@KimO I'm in the $50 range, but I don't really do menus. My favorite cheap thing to get at the grocery store is a whole chicken for roasting (or whatever your preferred method). That's my dinner and lunch protein for the week. I eat it by itself, in chicken salad, in a casserole if I'm feeling home-y, in soup, etc. I'm not too picky about my sides - something starchy like potatoes or pasta, and a vegetable of some kind(usually whatever's seasonal; I'm into roasting peppers right now). Alternatively, I make a big batch of lentil soup (here's my recipe: http://goo.gl/kzAkV), and I pair it with some cheese and a fresh salad. I freeze extra soup for later too. I'm kind of weird about food in the morning, so my breakfast is almost always a banana with peanut butter (I don't have any brand preferences for peanut butter, but if I'm rolling in extra money, I get the almond butter from Trader Joe's). This week, I had some extra bananas that were getting too ripe, so I made banana bread. That's been my breakfast with a boiled egg, apple, and milk or yogurt. I'll be honest though - when I run out of food money for the month, I have a backup of ramen noodles in the pantry. (Egg drop soup in ramen is filling, and you can add frozen veggies to get some extra nutrition).
@stuffisthings If Tim Cook is an example, the rate would have to be less than 10%, but that's probably a lot more than Congress can handle.
@stuffisthings Sure, “one of the highest rates” would clarify things. I agree, but my point is not whether the U.S. wins the gold medal in the corporate tax rate Olympics. The point is that the rate effects business decisions – hell, Apple is issuing bonds (interest rates are so nice and low) to fund its dividends, rather than bring some of its cash back into the U.S.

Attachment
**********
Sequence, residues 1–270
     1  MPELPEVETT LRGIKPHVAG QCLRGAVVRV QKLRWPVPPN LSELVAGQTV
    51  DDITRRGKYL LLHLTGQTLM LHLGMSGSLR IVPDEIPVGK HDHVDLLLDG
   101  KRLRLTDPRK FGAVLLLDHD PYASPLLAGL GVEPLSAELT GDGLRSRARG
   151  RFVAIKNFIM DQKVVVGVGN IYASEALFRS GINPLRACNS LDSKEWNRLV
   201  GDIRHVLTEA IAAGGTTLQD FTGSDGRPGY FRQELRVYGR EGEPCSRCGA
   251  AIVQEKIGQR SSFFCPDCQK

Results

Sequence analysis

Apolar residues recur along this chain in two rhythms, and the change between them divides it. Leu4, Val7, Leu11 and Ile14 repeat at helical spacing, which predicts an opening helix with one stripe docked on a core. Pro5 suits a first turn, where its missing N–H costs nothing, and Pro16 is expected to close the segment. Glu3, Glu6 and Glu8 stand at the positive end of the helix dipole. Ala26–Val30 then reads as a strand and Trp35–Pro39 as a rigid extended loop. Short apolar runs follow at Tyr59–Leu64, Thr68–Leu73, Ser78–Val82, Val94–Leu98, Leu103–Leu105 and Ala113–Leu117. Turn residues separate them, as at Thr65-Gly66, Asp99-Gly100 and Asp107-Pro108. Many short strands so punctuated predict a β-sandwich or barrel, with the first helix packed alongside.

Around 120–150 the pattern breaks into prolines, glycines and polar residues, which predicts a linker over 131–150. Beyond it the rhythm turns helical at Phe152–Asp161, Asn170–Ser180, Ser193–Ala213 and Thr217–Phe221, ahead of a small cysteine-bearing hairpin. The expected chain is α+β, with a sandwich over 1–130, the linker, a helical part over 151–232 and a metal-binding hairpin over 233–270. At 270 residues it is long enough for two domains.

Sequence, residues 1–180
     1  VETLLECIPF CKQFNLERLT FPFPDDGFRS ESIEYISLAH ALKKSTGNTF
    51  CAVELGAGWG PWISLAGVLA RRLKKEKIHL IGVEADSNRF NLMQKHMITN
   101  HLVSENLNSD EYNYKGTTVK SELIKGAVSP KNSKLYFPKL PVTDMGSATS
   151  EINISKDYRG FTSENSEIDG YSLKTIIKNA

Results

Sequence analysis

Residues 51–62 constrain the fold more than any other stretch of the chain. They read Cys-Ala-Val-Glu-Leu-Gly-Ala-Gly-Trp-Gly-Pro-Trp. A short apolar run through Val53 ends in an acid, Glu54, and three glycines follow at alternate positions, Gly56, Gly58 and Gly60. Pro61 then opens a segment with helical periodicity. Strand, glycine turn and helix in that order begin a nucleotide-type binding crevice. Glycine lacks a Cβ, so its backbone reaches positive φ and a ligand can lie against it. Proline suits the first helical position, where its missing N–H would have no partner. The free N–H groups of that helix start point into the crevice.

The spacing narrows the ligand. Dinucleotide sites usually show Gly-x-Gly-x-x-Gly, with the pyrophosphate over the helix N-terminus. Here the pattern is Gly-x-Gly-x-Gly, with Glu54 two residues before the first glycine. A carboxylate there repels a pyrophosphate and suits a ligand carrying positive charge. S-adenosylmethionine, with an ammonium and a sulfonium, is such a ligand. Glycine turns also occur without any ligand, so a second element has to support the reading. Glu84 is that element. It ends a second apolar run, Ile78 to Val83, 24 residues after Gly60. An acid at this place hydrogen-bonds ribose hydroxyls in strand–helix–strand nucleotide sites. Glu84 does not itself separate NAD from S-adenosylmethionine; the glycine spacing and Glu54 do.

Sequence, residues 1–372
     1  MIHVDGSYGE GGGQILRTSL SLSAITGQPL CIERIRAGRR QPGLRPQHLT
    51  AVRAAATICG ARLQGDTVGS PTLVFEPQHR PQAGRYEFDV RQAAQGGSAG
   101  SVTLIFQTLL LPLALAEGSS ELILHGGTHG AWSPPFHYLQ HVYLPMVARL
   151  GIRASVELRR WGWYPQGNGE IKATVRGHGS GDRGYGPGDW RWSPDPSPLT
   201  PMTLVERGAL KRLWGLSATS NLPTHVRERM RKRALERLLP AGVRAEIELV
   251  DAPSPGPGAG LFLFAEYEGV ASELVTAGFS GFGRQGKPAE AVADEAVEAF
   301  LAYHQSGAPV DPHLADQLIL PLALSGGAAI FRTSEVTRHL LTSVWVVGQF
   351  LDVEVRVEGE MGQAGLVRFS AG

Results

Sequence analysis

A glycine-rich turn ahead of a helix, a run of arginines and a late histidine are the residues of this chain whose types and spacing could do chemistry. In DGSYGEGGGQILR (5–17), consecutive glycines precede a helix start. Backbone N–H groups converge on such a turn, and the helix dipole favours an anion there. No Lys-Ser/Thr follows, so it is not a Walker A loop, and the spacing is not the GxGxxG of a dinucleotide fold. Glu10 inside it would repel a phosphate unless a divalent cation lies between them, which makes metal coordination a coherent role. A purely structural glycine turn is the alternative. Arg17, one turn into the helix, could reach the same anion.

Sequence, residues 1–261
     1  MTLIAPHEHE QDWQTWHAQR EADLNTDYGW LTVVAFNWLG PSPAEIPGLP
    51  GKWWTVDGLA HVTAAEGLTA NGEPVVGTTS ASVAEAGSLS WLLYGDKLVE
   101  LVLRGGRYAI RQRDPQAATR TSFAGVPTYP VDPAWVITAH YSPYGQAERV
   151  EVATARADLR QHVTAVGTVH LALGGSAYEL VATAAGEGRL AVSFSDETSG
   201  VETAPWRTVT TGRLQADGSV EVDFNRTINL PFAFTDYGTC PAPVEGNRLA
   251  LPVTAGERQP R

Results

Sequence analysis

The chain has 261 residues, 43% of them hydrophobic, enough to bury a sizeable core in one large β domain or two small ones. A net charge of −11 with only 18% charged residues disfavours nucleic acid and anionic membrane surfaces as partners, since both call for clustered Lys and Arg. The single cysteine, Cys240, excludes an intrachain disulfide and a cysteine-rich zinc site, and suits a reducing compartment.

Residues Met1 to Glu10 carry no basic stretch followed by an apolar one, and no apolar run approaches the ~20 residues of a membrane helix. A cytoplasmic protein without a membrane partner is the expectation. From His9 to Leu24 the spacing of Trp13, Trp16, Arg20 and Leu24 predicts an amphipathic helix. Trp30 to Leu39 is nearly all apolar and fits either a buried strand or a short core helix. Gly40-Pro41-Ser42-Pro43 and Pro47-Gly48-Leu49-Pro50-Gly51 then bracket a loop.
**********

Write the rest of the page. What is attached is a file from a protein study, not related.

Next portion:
@stuffisthings The corporate tax rate in the U.S. is the highest in the developed world - I think Bangladesh may have a higher rate, but maybe it's not "developed"? Apple's state and federal rate would be ~39%, and their effective rate would be ~14%, which is still higher than Ireland, where the corporate rate is 12.5% and Apple's effective rate is ~2%.
@loren smith @jfruh I've got seven! I have accounts for car expenses, hobbies (running shoes, pilates class card), renter's insurance, emergency fund, and travel; I have 2 that I don't use (the interest checking and a long-term savings account that was opened in a bout of optimism). And I have an account that holds the earnings from my side gig. The seven accounts may be a little bit of overkill, but I'm always glad when I can pay my semi-annual auto insurance premium without blinking an eye! And naming my accounts just makes me happy.
I've only recently separated my grocery food expenses from restaurant, coffee shops, and alcohol expenses, so my guess is about $50/week. I generally keep my overall food budget at less than $300/month. That does not include household supplies (I budget ~$25/month for cleaning supplies and so forth) or toiletries. I trade off buying some stuff with roommates, but it's generally just me that I'm buying for.
@RosemaryF Totally agreed. And maybe develop a closer working relationship with the financial adviser to shift some of the worry to someone else? Or at least have the financial adviser tell him that he's doing ok. This guy seems like he's reading so many books and comparing himself to so many people, but not getting outside input into how he's going.
@jfruh When I was in graduate school, I paid the part of my tuition on my credit card. I had student loans, but I also had some of my own money for tuition. So with that money in the checking account, I would put the same amount on my credit card, an Amazon Visa. I did this because the card had a promotion with 5x the points for education expenses. I got something like $300 worth of amazon cards in one semester alone. A totally responsible use of the card, and I didn't go into debt or go crazy with my credit limit.
I pay 12.75% of my net income (9.5% of gross) to rent. I have roommates right now, but I'll probably be living on my own sometime in the next year or so. I'd like to keep my rent around 15% of the net income when I move.
Beyond the financial perspective, maybe the letter writer should talk to the therapist a bit about this. For me, living with roommates was a healthy choice, even though it has the downsides mentioned (and this is assuming that the roommates are good ones).